Wines, Sneakers, Handbags – what’s the next big thing for these commodities? Flipping, or arbitrage trading is coming on strong as demand of tradeable wines continue to eclipse supply. Flipping blurs the line between buyer and seller. In the world of flipping, every buyer is a potential seller. Own and flip just about anything – all the way from wines, sneakers, handbags to your used sofa – is no longer a flimsy, mission impossible task. Online marketplaces facilitating flipping are attracting some serious capital. StockX, an online marketplace for sneakers trading, has just recently raised US$110 million to expand their stock market of things.

Here’s three concepts that will become increasingly important as wine flipping gains popularity.

Price Variation in different markets enables Arbitrage Trading of wines

Wine price transparency have led wine lovers to be increasingly aware of price variation of wines in different markets, and at different times. Price variation forms the basis of arbitrage trading. A same bottle of wine often comes with different prices in different markets. Apart from different duties and tax arrangements, logistics costs, provenance; varied demand in different markets also plays a part. To give a very specific example, look at price variation of a bottle of Burgundy wine in U.K. and Hong Kong market. On average there is a 20% difference in price for the same bottle of Burgundy. The difference does suggest the inclusion of a more substantial price premium on Burgundy wines in Hong Kong, given popular demand of wines from this region.

To play the game of arbitrage in wines, you can go two ways. Hunt globally for wines that are underrated in one market and/or overrated in another. Establish a secure, viable logistics link between the two markets and do physical flipping of wines. To enjoy the benefit of a zero-inventory model, you can start offering these wines to your target buyers as pre-sale items. This is very much how wine brokers operate traditionally.

Alternatively, the new way of trading wines is to trade them in situ. What it means is that you are going to buy a portfolio of wines and simply take legal ownership of the wines. You then sell them when they reap sufficient profits for you. What it means is that you may never even touch or see those bottles at all. These wines are often those that are kept within tax-free professional wine storages. In London and Bordeaux, those will be called bonded storage. In Hong Kong, since wine tax has been abolished since 2008, you can keep them at any professional wine storage. Trade wines like stocks as some like to call it. A good way to explore if you would like to dabble with wine investment, yet without having to commit to a substantial minimum investment amount or time limit for withdrawal.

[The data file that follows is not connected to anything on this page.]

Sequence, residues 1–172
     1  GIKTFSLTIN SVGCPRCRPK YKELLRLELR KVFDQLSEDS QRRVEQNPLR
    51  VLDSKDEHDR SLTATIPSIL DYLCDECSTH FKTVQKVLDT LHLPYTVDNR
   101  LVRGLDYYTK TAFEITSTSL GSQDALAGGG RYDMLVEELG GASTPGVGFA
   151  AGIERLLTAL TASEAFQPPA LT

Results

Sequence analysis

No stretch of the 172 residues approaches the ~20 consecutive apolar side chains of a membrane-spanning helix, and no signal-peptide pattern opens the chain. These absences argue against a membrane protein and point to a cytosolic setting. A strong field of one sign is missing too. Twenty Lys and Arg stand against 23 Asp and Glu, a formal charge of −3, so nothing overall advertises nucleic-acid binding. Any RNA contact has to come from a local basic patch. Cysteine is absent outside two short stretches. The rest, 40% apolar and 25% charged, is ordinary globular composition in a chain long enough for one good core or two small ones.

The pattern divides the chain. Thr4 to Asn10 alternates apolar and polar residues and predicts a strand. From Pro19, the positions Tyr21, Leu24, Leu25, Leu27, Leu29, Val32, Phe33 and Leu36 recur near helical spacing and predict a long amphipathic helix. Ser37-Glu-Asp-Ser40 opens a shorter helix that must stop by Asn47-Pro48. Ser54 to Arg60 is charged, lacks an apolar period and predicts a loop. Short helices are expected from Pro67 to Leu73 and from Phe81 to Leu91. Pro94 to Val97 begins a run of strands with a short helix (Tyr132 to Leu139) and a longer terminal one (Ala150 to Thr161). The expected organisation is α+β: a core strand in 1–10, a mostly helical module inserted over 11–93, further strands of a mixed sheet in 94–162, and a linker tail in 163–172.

Provenance to become digital and traceable

Provenance of a wine is, in essence, the travel story of a bottle of wine after it leaves its maker. In particular, buyers will, or at least should, care about the number of miles a bottle of wine has travelled (much like cars, mileage matters. The more mileage it has seen, the more value a wine loses). The temperature and humidity conditions during a wine’s travel and storage phase is equally important. Generally, wines should be transported and stored in an environment between 11 to 18oC, and at a humidity level of 65 – 85%. Daily fluctuation should be kept within 25% +/-.

The emergence of Internet of Things has led to the creation of smart tags that tracks and traces a wine’s provenance. Check out WWX’s affiliate project VinoGuard as an example. The future will see wine bottles bearing a digital “passport” and/or “health card” recording their paths of movement and state of conditions. With technology offering a more effective solution to tracking and tracing a bottle of wine, provenance is set to eclipse price as the leading buyer consideration when purchasing wines.

A relevant piece of advice for those who want to dabble in wine arbitrage trading. always keep your purchase invoice in good order, store your wines in recognized wine storage (keep your rent receipts and maintain an inventory list); and minimize movement of your wines.

Drinking window to become an indicator of trade-ability

Drinking window is a year range estimate that tells you when a wine will be prime for enjoyment. When it comes to wine flipping, drinking window can be a ticking bomb. Once a wine enters into its drinking window, which can last for just a few years to a few decades, the general rule is that you will want to sell them before the window closes. In fact, a seasoned wine investor will have secured the wine long before the drinking window opens up – for example, they may buy the wines as futures i.e. before they are bottled and released on to the market.

Flipping wines that have past professionally assessed drinking window takes things to another arena. The nature of things changes from targeting collectors instead of drinkers as buyers. A fine and rare wine past drinking window can be qualified as an antique collectible item. Given proof of provenance and satisfactory conditions, it can still fetch astronomical prices in secondary market.